Squeeze, saturation, confusion, and opportunity proved to be more than buzzwords at Principia’s Composite Decking & Railing Conference in Atlanta Oct. 22-23. Decking contractors, product manufacturers, and a handful of dealers gathered to discuss the state of the decking market at a time when homeowners are beginning to invest again in their homes.
“The evolution of this industry is based on innovation,” Principia principal and event keynoter Steve Van Kouteren told attendees. “The lifeblood of this industry is innovation.” However, that same innovation is also driving the product differentiation, particularly in capped composite products, that many say is bolstering competition and diminishing margins for dealers.
As investors gain confidence in the housing market, the entire supply chain should expect sales to grow for more new and replacement decks. A survey by Principia of dealers nationwide found that eight in 10 dealers expect composite decking sales increase in 2012 by an average of 5%. Looking ahead to 2013, nine in 10 expect sales to increase by an average of 7%. Van Kouteren says the industry could stand to gain 5% market share from wood (or, $320 million) by replacing homeowner’s wood decks with synthetic versions.
But a squeezed distribution channel could hinder dealers from realizing this growth. Dealers continue to keep inventory levels low and a saturated market is driving competition that’s diminishing profitable margins—although that could soon change as more than 60% of dealers surveyed by Principia said they plan to stock more product in the near-term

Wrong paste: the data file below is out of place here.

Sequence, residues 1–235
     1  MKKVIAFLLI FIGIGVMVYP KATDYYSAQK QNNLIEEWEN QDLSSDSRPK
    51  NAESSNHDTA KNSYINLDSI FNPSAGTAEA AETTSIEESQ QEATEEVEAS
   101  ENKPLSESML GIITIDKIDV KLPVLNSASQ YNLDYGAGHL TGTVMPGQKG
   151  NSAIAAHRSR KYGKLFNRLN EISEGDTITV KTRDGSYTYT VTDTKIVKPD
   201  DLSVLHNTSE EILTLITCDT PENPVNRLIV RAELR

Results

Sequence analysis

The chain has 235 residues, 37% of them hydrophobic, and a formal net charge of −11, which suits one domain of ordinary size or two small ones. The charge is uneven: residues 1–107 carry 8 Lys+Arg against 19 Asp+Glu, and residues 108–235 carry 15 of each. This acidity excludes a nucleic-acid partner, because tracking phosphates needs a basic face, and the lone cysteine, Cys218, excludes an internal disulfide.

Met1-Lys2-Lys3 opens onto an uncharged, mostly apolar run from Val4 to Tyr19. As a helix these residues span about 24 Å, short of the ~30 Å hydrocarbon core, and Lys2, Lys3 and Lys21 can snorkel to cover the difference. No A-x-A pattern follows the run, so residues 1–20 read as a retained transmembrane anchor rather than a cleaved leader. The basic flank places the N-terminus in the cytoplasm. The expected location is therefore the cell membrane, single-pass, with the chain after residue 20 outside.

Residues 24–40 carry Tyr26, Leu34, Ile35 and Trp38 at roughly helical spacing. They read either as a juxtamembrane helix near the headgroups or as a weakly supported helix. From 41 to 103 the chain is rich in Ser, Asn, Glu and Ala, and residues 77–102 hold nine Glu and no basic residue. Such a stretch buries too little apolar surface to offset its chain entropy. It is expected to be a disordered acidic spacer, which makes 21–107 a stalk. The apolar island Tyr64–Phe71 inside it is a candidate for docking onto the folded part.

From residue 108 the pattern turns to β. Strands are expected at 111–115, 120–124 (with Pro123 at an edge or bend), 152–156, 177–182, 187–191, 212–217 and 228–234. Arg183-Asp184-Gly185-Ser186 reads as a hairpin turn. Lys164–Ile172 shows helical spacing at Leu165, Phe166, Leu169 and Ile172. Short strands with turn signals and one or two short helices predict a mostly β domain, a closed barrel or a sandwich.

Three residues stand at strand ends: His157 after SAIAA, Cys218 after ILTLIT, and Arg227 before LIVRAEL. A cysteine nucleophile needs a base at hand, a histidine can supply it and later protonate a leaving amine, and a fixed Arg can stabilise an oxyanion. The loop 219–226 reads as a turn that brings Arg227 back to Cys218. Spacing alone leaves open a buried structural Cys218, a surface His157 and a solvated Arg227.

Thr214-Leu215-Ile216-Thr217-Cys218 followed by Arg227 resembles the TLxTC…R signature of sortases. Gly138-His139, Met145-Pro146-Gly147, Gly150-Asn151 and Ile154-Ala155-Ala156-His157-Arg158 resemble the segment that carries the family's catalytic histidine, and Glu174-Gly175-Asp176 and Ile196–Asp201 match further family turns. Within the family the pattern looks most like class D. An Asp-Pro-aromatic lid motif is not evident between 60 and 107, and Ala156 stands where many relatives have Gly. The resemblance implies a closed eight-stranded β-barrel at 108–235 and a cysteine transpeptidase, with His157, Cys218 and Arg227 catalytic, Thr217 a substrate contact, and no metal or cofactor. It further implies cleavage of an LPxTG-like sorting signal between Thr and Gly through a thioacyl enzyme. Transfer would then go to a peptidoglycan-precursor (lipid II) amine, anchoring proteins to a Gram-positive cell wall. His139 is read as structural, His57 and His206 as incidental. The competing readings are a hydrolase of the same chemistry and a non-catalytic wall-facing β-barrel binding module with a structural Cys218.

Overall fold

According to Principia’s figures, the top five composite decking suppliers account for 87% of the market in 2012, up from 65% in 2004; the top 20 suppliers make up 99.5% of the market. Wood still leads the $3.5-billion decking market with 59% market share. Composites take 24% while “other plastics” such as PVC have 10%. Add in the value of railings, fasteners, accessories, and the substructure and the market’s total retail value is nearly $10 billion.
Still, manufacturers trying to enter the market and dealers looking to pick up a new product line should heed Van Kouteren’s warning: “Everybody is partnered up,” he said. “Suppliers are with distributors who are with dealers, and they’re all at the dance. Getting to the dance is very difficult if you’re a new supplier or they are trying to get your product to market. The big guys are partnered and they are moving the most composite decking and railing in North America.”
Big boxes in particular move about one-third of the volume of composite decking and railing through five or six suppliers, he said, adding that the recent combination of industry PVC- and composite-makers AZEK and TimberTech should help drive industry-wide competitive growth.
"There’s one thing we don’t need in this industry and that’s a race to the bottom,” Van Kouteren said. “Margins must be maintained in this business and the way to do it is driving the channel, working with suppliers, working with customers—educating, educating.”
Correction: A previous version of this story said Principia's survey found that eight in 10 dealers saw composite decking sales increase in 2012 with margins at approximately 5%. That is incorrect. The survey found that dealers expect composite decking sales to increase in 2012 by an average of 5%. The story also has been corrected to show that the top five composite decking suppliers account for 87% of the decking market in 2012, not 80% as previously stated. We regret the errors.